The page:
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The effect of applied force on the extension of a spring, using Hooke's Law to predict my results.

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Physics Coursework - Forces and Extension Plan Introduction I will be studying the effect of applied force on the extension of a spring, using Hooke's Law to predict my results. I will investigate how much a single spring, two springs in series, and two springs in parallel extend by when I apply measured forces to them. Diagram This is how I set up my apparatus to investigate the springs: Method This is how I conducted the experiment: I set up the apparatus as shown in the diagram. Using the pointer, I measured the extension of the spring from 0N to 3.5N, by adding 1/2 N weights. I then repeated the experiment, using two springs placed side-by-side (parallel), then repeated it again using two springs attached to each other (series). Safety The equipment used in this experiment is all safe, but nevertheless, the weights should not be dropped, and the springs must be handled with care. Prediction/Theory Hooke's Law states that the extension of a spring is directly proportional to the force applied. ...read more.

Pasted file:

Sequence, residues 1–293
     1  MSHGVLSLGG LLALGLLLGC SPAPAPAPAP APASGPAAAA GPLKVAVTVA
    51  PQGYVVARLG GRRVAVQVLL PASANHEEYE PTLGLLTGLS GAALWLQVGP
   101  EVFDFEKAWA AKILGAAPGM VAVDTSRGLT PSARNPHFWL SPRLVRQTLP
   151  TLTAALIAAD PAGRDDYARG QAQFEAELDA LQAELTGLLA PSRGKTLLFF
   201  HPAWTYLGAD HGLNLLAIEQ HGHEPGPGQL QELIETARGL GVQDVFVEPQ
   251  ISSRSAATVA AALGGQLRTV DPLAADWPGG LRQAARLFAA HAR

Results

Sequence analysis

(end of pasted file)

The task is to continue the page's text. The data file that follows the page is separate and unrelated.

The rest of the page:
Some springs take on a new, more elongated shape when this happens, and other, more brittle springs snap. This should be noted for a safer experiment. For the different arrangements of the springs I predict that the parallel springs will have a smaller extension for the same weights, as this is essentially doubling the spring constant. The opposite will happen for the two springs in series, as the greater length will halve the spring constant, as the springs are basically forming one, longer spring with the same width, thickness etc. This will result in a doubled result, as the weight is not shared. I will test these predictions from my graphs; k = 1 Gradient I will divide my results by 100 to gain k in nm-1 (the results would otherwise be in cm). Observations/results Single Ruler Reading Extension Force (N) 1 2 3 Average 1 2 3 Average 0 53.0 53.0 53.0 53.0 0.0 0.0 0.0 0.0 0.5 52.2 52.1 52.1 52.1 0.8 0.9 0.9 0.9 1 50.3 50.4 50.5 50.4 2.7 2.6 2.5 2.6 1.5 48.1 48.1 48.2 48.1 4.9 4.9 4.8 4.9 2 44.2 44.3 ...read more.


19.0 18.7 18.9 7.6 7.6 7.8 7.6 4 17.2 17.9 17.0 17.4 9.3 8.6 9.5 9.1 Analysis On the next pages is the graph of my results. I will find the value of k for all the different spring arrangements; Parallel: k = ?y = 1.1 = 0.44 = 0.0044 nm-1 ?x 2.5 Single: k = ?y = 0.50 = 0.22 = 0.0022 nm-1 ?x 2.25 Series: k = ?y = 1.0 = 0.14 = 0.0014 nm-1 ?x 7.0 The spring constants for parallel and series are obviously linked. For these values my results are surprisingly accurate, however, for the series line, although the value is much lower than the single line, it is not half. This is probably due, in fact, to the lower k itself, as this would have caused greater oscillation to the springs when we applied the weights, and so confused our results. However, mainly, my results support my prediction, although there were a few anomalous points. The reasons for these will be explained in the evaluation section. My results agree with, prove and support Hooke's Law. Physics Coursework - Springs Thomas Burton 10l ...read more.

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